In a society governed by the rule of law, capturing and trying the intellectual force behind the 9/11 terror attacks, Ayman al-Zarahiri, would have been ideal but it was very unlikely. So kudos to the U.S. intelligence community under President Biden for doing the detailed work needed to locate a single individual among the millions of people in the Afghanistan/Pakistan region. 

Eleven years ago, in 2011, the same intelligence community, under President Barack Obama, found then al-Qaeda leader Osama bin Laden living in Pakistan near a base of the U.S.-allied Pakistani military. In that instance, the American military killed bin Laden with a Special Forces raid; this time, Zawahiri was killed by Hellfire missiles fired from a U.S. drone.

However, the usual fist-pumping and chest-beating triumphalism surrounding such counterterrorist killings will likely drown out any discussion of the larger questions about the excessively grandiose U.S. foreign policy that motivated al-Qaeda’s 9/11 attacks in the first place and continues in the attenuated form today. To their credit, presidents Donald Trump and Joe Biden have indirectly raised questions about excessive interventions in the Middle East, which bin Laden, Zawahiri and al-Qaeda made very clear was their motivation for launching the 9/11 attacks and other successful strikes against American targets (for example, attacks against the U.S. embassies in Kenya and Tanzania in 1998 and the USS Cole in 2000).

The American people, not much on historical introspection, never have wanted to hear such “unpatriotic” talk, especially with their understandable desire for revenge in the aftermath of the catastrophic 9/11 attacks, which killed nearly 3,000 American civilians. No excuse ever exists for such terrorism against innocents. But the U.S. government, after 9/11, should have at least privately taken notice of some of its own bumbling culpability for al-Qaeda’s potent retaliatory strike; and, after limited retaliation to quench a public thirst for retribution, brought a much lighter touch to the greater Middle East to reduce future motivation for Islamist radicals to strike U.S. targets.

Instead, then-President George W. Bush doubled down on the U.S. intervention in the Middle East that motivated al-Qaeda’s war on the United States in the first place. Instead of more limited retaliatory strikes against the al-Qaeda group, he chose to invade Afghanistan, take out the Taliban government, which was playing reluctant host to al-Qaeda, and then begin a long nation-building war that Biden ended two decades later. Even worse, Bush used public fear and furor over the 9/11 catastrophe to imply a false connection between al-Qaeda and Iraqi leader Saddam Hussein to carry out what seems to have been a personal vendetta against the Iraqi despot.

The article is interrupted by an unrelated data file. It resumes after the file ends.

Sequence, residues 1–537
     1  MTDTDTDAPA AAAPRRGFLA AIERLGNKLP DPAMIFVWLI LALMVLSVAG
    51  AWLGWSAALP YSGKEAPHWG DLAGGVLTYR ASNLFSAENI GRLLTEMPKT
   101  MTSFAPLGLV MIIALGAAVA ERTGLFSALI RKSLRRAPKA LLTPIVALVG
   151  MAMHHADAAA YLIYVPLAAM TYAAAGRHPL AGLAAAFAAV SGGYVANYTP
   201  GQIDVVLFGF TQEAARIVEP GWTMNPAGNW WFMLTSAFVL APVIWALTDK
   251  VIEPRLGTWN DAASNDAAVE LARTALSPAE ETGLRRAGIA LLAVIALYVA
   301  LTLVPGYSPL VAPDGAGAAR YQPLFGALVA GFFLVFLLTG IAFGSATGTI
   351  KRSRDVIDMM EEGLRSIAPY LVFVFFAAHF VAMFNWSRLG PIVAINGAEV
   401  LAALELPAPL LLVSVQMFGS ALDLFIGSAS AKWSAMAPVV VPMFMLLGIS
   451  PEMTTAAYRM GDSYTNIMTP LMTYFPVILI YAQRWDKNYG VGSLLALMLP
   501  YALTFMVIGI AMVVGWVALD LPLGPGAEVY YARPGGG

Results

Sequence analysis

The unneeded invasions of Afghanistan and Iraq turned into U.S. occupations that predictably drove more retaliatory Islamist terrorism, in those countries and worldwide. In Iraq, al-Qaeda’s resistance to the U.S. occupation morphed into the virulent Islamic State group, which eventually took over large parts of Iraq and Syria until it was beaten down by even further U.S. military intervention.

The two-decade Afghan invasion and nation-building war and the long Iraq invasion, occupation and reinvasion were unnecessary, costly (in lives and trillions of dollars), and counterproductive ways to fight terrorism.

The efforts by the United States over time to painstakingly find and kill terrorists with Special Forces raids and drone strikes show that Biden’s over-the-horizon approach to terrorism may not be ideal, but it is workable and is much less inflammatory to Islamist jihadists than costly and counterproductive quagmires on the ground in the greater Middle East.